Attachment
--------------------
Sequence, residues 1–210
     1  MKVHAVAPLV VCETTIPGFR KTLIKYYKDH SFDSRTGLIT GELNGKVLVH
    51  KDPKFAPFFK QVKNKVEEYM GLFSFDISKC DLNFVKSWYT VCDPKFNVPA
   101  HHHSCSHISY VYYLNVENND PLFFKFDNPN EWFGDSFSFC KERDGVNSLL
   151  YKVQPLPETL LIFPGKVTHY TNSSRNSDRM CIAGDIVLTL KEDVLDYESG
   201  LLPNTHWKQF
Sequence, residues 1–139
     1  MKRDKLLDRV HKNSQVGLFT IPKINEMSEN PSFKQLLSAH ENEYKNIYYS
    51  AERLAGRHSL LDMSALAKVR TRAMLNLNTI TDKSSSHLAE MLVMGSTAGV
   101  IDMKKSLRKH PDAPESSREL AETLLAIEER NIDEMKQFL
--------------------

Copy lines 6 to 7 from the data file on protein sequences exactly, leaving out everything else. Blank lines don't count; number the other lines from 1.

   201  LLPNTHWKQF
Sequence, residues 1–139